Startup v Macdonald (1843)

A contract stated that 10 tons of oil were to be delivered to the defendant within the last 14 days of March. The claimant delivered the oil at 8.30pm Saturday March 31st. The defendant refused to accept the delivery because of the lateness of the hour.


The claimant had tendered performance within the agreed contractual period and was thus entitled to damages for non acceptance.

Performance prevented by the promisee

Promisee prevent the implementation of the performance when the promisor to pay for work was completed with the title:

Planche v Colburn [1831]

The claimant agreed to write a book on costume and armour for the defendant as part of a series called ‘the Juvenile Library’. The agreed contract price was £100 to be payable on completion. The claimant commenced writing and had completed a great deal of it when the defendant cancelled the series. The defendant refused to pay the claimant despite his undertaking and the fact that the claimant was still willing to complete. The claimant brought an action to enforce payment.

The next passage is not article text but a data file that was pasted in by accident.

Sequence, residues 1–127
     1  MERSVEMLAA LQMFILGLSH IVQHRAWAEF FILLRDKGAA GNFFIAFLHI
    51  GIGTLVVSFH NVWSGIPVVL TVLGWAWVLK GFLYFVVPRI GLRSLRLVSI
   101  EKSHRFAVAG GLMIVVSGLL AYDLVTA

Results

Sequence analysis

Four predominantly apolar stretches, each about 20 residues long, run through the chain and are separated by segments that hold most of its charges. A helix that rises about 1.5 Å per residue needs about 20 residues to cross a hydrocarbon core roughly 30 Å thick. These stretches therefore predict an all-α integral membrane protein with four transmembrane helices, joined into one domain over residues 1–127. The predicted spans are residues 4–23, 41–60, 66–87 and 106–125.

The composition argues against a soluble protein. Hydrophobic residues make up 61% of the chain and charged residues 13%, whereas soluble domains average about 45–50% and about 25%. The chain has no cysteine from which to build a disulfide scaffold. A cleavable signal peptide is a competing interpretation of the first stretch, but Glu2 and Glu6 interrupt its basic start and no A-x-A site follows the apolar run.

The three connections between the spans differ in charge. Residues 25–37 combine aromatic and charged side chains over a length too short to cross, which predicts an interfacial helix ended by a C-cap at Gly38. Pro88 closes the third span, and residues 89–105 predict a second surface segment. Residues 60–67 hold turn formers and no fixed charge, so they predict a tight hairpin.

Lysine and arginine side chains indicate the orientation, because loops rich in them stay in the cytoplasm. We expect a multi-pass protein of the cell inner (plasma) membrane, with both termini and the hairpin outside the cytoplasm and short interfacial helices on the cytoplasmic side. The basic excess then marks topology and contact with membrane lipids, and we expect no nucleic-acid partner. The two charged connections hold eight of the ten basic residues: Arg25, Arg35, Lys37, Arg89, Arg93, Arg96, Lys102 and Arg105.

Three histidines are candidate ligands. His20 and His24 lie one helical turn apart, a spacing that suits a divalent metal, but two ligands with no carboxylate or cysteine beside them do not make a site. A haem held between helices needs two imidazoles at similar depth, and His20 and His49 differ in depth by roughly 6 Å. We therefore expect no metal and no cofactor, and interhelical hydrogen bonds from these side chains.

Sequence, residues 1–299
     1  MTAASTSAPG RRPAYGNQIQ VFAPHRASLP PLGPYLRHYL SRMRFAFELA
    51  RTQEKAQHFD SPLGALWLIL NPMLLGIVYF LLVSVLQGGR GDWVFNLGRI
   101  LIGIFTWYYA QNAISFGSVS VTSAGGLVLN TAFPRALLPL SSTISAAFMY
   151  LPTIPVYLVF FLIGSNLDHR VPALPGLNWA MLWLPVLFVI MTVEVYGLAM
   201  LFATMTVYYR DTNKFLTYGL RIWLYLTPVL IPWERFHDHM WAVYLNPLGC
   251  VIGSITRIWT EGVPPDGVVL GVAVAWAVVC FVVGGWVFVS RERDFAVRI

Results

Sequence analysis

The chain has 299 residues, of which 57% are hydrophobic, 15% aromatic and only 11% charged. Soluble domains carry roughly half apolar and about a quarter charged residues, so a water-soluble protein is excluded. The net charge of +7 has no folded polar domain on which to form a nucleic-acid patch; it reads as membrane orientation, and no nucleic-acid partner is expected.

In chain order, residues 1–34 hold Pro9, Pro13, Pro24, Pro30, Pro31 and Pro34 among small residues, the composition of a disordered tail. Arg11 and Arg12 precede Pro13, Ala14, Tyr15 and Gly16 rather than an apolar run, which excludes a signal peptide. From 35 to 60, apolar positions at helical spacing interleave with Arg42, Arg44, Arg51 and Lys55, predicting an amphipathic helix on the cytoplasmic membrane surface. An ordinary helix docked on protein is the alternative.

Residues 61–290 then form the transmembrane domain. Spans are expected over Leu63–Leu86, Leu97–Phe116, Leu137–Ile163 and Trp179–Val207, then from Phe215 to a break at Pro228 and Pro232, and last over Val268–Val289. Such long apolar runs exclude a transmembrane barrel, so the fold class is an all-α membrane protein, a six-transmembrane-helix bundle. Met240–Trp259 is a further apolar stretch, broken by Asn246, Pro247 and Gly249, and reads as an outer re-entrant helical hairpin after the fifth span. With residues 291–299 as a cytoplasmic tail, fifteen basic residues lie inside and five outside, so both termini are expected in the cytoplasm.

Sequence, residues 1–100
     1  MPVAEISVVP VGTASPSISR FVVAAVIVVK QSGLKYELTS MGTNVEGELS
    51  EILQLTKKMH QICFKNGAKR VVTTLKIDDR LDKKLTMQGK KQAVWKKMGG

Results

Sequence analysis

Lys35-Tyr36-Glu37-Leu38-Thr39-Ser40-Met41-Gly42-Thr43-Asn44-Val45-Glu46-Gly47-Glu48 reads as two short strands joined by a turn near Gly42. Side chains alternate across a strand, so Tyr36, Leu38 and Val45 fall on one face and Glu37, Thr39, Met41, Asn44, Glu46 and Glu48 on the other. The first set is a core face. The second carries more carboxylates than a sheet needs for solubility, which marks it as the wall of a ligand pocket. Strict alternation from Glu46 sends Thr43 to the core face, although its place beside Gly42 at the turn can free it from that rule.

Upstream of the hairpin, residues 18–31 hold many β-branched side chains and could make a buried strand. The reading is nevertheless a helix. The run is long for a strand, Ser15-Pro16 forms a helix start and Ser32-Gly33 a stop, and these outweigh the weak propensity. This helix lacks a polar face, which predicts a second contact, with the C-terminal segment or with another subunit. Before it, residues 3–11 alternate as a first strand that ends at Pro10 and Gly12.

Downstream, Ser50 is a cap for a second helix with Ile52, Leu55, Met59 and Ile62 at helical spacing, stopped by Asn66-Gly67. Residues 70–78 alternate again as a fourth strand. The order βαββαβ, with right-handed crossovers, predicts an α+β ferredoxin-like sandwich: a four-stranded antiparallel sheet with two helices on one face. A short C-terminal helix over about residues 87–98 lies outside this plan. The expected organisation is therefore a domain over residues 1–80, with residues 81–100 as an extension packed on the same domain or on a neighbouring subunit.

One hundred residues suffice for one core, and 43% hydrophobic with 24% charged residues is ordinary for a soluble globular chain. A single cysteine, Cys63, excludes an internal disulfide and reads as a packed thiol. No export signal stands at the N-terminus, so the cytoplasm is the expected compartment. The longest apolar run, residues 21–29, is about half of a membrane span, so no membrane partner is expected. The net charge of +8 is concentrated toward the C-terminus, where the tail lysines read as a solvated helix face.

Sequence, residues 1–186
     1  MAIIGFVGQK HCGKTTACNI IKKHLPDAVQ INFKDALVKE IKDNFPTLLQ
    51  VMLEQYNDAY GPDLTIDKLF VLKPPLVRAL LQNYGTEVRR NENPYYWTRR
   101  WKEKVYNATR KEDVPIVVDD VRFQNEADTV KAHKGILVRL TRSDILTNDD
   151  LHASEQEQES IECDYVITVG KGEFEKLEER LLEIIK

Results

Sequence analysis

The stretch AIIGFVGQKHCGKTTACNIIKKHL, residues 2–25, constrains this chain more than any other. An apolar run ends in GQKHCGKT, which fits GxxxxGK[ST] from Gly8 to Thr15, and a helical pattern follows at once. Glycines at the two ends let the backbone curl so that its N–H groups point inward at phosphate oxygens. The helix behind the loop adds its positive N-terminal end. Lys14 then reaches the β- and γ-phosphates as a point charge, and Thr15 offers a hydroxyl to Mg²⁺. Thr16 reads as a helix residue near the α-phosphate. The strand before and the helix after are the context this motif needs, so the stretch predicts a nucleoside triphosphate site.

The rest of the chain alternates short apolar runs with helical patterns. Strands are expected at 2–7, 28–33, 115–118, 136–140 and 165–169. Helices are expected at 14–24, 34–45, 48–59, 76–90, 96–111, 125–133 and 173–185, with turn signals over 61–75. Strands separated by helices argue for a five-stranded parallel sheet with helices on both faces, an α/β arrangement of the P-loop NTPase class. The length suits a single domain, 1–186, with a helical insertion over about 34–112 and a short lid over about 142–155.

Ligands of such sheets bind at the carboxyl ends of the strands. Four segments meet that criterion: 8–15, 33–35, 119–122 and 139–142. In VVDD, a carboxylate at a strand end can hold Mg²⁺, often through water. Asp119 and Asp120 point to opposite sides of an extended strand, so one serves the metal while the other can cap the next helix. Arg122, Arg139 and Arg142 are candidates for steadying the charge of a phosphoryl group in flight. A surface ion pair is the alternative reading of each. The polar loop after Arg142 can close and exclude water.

The claimant was entitled to recover £50 because the defendant had prevented the performance.


For a contract to be discharged through agreement there must be Accord & Satisfaction.

Accord = agreement

Satisfaction = consideration - this must be provided by both parties

The parties must agree to end the contract. The agreement must be freely given. Both parties must also provide consideration. If both parties have continuing obligations then generally the consideration will be simply each of them giving up their rights under the contract. The only time consideration becomes an issue is where one party has fully performed their part of the contract when the other has not. The non performing party must then provide consideration to make the agreement binding. Also if the agreement is made by deed there is no requirement to provide consideration.


The violation of the conditions (such as breach of warranty against) if you have the perpetrators of this Agreement (Termination), claims for damages, the right to refuse.

Anticipatory breach

If a party to announce their intention to comply with its contractual obligations if the innocent party for breach of the fact that they have their own claims before the violation is not obliged to wait:

Hochster v De la Tour (1853)